Our Church Building
The new structure of Mary Immaculate Church, dedicated on April 26, 2006, (during the 50th anniversary year of the Parish) belongs stylistically to the Romanesque Revival. The architects sought to design a structure that had a "parish feel"; a church that was inviting and comfortable, yet noble. The large worship space seats approximately 1000 people.
On either side of the church's main entrance are statues of Peter and Paul (Peter is on the left as you face the front of the Church and Paul is on the right). St. Peter was the first disciple chosen by Jesus and designated by Christ... "I also say to you that you are Peter, and upon this Rock I will build My church; and the gates of Hell will not overpower it." (Mathew 16:18). Peter functioned as the pillar of the Church in Jerusalem as well as a leader of the missions to the Gentiles. Paul was initially a zealous persecutor of Christians. Following a profound conversion experience, he was baptized and became the most prominent of the early Christian missionaries. Peter and Paul are forever linked as the founders of the Church in Rome, the place of their martyrdom.
The rose window is above the main doors of the church. The outer circle depicts the Holy Spirit forming the world at creation while the inner circle is the earth being formed. Note the different colors and symbols that depict the seasons of the year.
The distance to the top of the bell tower is 58 feet. The bells chime the hours as well as the "call to mass".
Through the main doors of the church is the Narthex, the foyer of the church. The narthex can be used as a gathering space or for the overflow at Masses filled to capacity.
On the right side of the Narthex (as you come in the main doors) is a large statue of the Virgin Mary, carved by Ludwig Kieniger and donated by Michael J. Dupey of MJDesigns. The statue (which originally was placed on the outside of the old church building) shows Our Lady of Mercy with children gathered "under Mary's mantle".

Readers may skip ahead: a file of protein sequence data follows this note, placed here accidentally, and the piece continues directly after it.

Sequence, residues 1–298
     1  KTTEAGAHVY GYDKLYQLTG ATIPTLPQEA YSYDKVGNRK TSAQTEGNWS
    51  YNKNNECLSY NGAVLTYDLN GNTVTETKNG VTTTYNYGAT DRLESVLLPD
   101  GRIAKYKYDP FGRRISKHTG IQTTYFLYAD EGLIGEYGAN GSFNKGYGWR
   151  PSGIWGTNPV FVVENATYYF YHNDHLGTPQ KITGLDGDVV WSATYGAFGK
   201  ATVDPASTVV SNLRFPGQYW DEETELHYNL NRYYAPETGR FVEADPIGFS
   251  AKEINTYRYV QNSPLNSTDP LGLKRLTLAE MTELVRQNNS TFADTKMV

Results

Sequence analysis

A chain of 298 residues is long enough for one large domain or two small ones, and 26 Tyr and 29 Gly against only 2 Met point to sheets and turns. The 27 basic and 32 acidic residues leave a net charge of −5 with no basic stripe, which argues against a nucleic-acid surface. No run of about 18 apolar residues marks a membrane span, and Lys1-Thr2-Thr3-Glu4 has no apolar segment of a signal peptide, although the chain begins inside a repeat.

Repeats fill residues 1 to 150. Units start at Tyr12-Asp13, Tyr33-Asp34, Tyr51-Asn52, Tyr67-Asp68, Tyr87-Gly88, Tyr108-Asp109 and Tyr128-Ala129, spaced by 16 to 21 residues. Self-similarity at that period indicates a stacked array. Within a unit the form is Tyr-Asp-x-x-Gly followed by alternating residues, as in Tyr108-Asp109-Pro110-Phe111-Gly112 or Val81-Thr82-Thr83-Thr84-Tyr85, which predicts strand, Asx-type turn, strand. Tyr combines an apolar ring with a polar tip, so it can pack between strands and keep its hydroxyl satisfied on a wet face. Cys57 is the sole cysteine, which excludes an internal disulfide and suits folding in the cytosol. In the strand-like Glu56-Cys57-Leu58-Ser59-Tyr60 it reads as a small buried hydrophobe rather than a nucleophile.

EUCHARISTIC CHAPEL OF DIVINE MERCY:
As you stand in the Narthex, or come in the side entrance down the Main hallway, the presence of the Blessed Sacrament in the Tabernacle can be seen. The Eucharistic Chapel of Divine Mercy serves as an appropriate place for quiet prayer and devotion in the presence of the Blessed Sacrament, as well as being a suitable space for daily mass. The chapel preserves a space for quiet prayer in the presence of the Eucharist even when the main body of the church is occupied with non-liturgical events such as rehearsals or public talks. The chapel IS NOT used as a cry room or for overflow during masses.
The tabernacle, designed by artist Jim Cinquemani, is made of bronze and set in a red granite pillar. He also designed the custom sanctuary lamp which hangs above the tabernacle.
The niche in the wall shared with the main sanctuary contains a statue of the Infant of Prague. The presence of this statue reminds us that our Lord, Jesus Christ, is "The Word made Flesh" (John 1:14).
In the chapel are located two rooms for the Sacrament of Reconciliation. Reconciliation is offered after the 5:30 pm Mass on Wednesday and after the 8 am Mass on Saturday.
On the back wall of the chapel is a replication of the only painting done under the direction of Sr. Faustina, the "Vilnius Image".
Located immediately inside the main sanctuary from the narthex is the bi-level baptismal font, signifying a person's entry into the Church. The upper level of the font is used not only for baptisms, but also for blessing oneself upon entering the church. The lower level can be used for baptism by immersion, an ancient practice of the Church.
In the niche on the left rear wall (behind the font) is the Ambry. This niche contains the Holy Oils, which are used in various sacramental celebrations in the Church: Sacred Chrism, used in Baptism, Confirmation and Holy Orders; the Oil of Catechumenens; and the Oil of the Sick.
On the right rear wall stands the statue of Our Lady of Guadalupe.
This statue was donated by the Familia Guadalupana of Mary Immaculate Parish. In 1531 the blessed Virgin Mary appeared to Saint Juan Diego on Tepeyac Hill outside of Mexico City. A figure of the Virgin Mary as an indigenous American Indian was imprinted on Juan Diego's cloak. This gave the native people assurance that Christianity was not only the faith of Europeans but the faith for them as well. The appearance of the Virgin Mary, taking place in early December, links our Lady of Guadalupe with the Feast of the Immaculate Conception on December 8th, the Patronal Feast of our Parish. Our Lady of Guadalupe is a focus of devotion at the parish, especially during the novena preceding her feast day on December 12th.